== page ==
Since I know how much I pay for kWh, I can estimate the cost of running my PC. Both calculations are simple once you have the total energy used. If you have 2 power tariffs, you will need to take a look at the Mobile Notifications for 3D printers to introduce multiple tariffs into your schedule.
Bear in mind that I'm using my credential system to store the important values in global variables and distribute them to other devices.
Every hour, NodeRED collects the power used in the last hour and pushes that data to the
TotalUseByHour array. The
AverageUsePerHour is cleared and ready to collect new power information.
Every 24h values stored in the
TotalUseByHour array are added together and pushed to the
TotalUseByDay array. This array will hold the last 7 days of data so I could display it on the dashboard chart as well.
The hour details are cleared at midnight, and the 8th day is removed from the array so the chart consists of the weekly breakdown only.
Instead of multiple buttons, I opted out for a single one which changes ist behaviour based on the power use. The button can:
- put PC to sleep
- wake PC up
- power cycle NETIO Power Cable
I already have the WOL setup in NodeRED so implementation was very easy. All I had to do is to issue an HTTP request to reset the NETIO power cable and protect this action with 2FA (two-factor authentication tutorial) to prevent the accidental use.
The button has 3 states that are stored as a flow variable
Power_function. The value
sleep|reset|wol decides what action is taken once the button is pressed.
There is one more way to invoke a safe power cycle. I used a switch in the dashboard to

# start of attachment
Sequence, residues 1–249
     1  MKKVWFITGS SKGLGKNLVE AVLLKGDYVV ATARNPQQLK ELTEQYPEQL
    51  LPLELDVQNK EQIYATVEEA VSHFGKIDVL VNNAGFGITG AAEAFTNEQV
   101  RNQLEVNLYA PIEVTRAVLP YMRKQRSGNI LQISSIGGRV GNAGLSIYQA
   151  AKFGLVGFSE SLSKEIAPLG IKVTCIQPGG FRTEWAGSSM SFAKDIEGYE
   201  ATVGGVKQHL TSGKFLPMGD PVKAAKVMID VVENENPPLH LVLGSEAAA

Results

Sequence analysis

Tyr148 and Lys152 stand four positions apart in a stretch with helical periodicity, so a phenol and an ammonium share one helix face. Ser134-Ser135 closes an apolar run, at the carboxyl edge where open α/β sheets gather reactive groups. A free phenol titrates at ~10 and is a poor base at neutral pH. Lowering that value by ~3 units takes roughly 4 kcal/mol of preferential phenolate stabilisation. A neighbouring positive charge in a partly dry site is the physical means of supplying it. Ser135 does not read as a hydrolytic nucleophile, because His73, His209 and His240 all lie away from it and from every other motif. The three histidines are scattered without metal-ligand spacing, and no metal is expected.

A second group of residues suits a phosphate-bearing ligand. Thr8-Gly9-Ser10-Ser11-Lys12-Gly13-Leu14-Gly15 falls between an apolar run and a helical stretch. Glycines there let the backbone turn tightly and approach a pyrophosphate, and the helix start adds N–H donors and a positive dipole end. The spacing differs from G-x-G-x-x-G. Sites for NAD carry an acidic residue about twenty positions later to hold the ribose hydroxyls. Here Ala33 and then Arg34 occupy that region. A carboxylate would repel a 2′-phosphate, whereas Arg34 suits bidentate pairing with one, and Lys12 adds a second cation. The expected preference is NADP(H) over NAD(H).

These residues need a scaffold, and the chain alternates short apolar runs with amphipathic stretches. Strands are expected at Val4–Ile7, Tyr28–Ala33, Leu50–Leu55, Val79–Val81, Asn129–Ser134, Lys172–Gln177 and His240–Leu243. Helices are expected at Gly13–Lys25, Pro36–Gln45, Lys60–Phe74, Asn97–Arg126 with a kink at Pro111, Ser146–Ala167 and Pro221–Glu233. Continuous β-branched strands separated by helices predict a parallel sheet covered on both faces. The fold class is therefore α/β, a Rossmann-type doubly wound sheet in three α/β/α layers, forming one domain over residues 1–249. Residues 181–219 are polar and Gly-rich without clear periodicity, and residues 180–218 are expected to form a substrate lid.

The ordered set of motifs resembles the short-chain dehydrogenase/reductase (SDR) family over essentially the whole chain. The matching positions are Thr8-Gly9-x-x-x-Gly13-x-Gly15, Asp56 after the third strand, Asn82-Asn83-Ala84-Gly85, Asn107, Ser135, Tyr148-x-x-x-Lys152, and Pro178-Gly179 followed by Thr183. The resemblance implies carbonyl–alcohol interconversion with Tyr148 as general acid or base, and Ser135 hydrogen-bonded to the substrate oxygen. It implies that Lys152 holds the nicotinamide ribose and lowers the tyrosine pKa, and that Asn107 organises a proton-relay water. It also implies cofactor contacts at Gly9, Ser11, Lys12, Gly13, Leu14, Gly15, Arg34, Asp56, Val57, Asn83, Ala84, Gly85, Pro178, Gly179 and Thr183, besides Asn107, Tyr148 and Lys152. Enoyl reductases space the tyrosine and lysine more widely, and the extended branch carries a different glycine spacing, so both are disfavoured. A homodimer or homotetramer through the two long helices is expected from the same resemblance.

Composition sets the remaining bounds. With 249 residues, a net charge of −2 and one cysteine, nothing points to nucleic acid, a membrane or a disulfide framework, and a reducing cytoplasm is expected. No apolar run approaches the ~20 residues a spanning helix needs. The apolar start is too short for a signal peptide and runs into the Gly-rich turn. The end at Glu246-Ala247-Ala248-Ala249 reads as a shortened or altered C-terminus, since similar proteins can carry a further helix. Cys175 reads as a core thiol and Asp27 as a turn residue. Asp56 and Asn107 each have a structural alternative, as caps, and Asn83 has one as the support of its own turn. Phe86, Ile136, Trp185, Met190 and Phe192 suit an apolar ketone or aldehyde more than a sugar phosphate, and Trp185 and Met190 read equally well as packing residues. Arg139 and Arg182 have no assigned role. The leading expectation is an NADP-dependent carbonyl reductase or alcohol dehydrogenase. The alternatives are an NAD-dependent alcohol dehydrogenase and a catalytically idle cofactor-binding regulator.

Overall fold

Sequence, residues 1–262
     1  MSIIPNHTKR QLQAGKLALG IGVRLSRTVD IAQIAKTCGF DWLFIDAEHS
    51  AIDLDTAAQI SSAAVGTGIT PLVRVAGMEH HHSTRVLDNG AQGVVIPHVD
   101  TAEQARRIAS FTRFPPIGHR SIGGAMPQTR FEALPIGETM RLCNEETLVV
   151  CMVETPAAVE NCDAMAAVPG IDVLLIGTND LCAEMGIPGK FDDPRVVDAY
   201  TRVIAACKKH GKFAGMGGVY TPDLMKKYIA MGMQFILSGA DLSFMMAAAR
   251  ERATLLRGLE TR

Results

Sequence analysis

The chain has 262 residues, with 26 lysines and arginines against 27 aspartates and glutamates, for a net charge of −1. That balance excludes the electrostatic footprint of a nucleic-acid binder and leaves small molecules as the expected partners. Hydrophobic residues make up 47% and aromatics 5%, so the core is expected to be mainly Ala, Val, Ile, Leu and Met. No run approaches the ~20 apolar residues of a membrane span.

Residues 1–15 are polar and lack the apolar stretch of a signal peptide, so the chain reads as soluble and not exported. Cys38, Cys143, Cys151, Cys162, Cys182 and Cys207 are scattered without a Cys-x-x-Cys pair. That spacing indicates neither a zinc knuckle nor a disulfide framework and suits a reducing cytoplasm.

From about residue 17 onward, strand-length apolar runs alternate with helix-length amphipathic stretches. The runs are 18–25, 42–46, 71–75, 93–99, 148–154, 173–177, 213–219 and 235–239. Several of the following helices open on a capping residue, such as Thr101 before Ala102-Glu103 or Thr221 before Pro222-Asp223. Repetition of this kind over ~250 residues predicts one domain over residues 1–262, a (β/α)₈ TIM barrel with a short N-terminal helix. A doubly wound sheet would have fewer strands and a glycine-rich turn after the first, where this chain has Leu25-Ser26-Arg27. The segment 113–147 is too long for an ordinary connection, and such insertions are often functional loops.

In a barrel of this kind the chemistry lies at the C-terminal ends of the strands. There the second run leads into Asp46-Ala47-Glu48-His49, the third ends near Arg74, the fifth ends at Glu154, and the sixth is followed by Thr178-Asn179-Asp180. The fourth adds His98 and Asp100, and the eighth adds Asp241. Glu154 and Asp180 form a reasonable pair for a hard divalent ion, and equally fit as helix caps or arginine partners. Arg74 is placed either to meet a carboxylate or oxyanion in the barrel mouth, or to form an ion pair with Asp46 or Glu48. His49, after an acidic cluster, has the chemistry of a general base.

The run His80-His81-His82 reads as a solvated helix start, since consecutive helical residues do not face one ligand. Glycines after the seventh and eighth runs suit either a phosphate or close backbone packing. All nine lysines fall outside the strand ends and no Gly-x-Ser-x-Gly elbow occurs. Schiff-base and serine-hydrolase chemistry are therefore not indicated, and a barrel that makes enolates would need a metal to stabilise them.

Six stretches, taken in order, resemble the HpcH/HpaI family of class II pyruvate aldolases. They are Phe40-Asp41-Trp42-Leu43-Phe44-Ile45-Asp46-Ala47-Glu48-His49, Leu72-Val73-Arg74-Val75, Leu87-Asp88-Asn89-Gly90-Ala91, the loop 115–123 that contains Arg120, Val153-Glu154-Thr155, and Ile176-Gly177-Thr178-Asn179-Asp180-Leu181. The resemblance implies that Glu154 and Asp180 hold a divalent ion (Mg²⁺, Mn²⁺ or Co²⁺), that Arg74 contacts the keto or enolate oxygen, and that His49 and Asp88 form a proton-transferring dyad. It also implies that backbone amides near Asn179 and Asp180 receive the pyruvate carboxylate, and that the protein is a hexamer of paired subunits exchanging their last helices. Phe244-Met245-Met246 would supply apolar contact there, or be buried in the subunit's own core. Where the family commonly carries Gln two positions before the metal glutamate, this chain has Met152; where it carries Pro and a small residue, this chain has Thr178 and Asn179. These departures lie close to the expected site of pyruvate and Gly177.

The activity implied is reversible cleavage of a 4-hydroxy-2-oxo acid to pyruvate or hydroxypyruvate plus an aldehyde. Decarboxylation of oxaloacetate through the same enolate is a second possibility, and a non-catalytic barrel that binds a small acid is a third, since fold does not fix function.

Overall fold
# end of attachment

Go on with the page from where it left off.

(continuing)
enable|disable the reset button. Now I can power cycle my PC anytime without the risk of doing it by mistake.
Initially, I had my charts displaying the data after 24h. Waiting a full day (or more) to see the results wasn't fun so I decided to add a couple of conditions.
Improved charts will display the present-day only if there are no other values, and current hour by hour use as well. To achieve this, I used a couple of IF statements to check the array values before the graph is updated.
To answer my question: How much actual power my 750W PSU is using? Turns out, not that much! The desktop PC uses 50-60W an hour, with peaks 270W while the machine is rendering videos. Running this beast (i7 + GTX2080) daily costs less than £0.30 which is OK.
There is one elephant in the room that I should address. NETIO Power Cables are expensive. Right now you can get one for €99 + VAT. Clearly the cables are designed for specific industry use cases with business customers in mind. It's going to be very hard to beat DIY Sonoff POWR2 approach where the same could be achieved for much less (with not as pretty effect). I'd hope to see NETIO Power Cables going down in price. At what price point would you try it out? Let me know in this Reddit thread.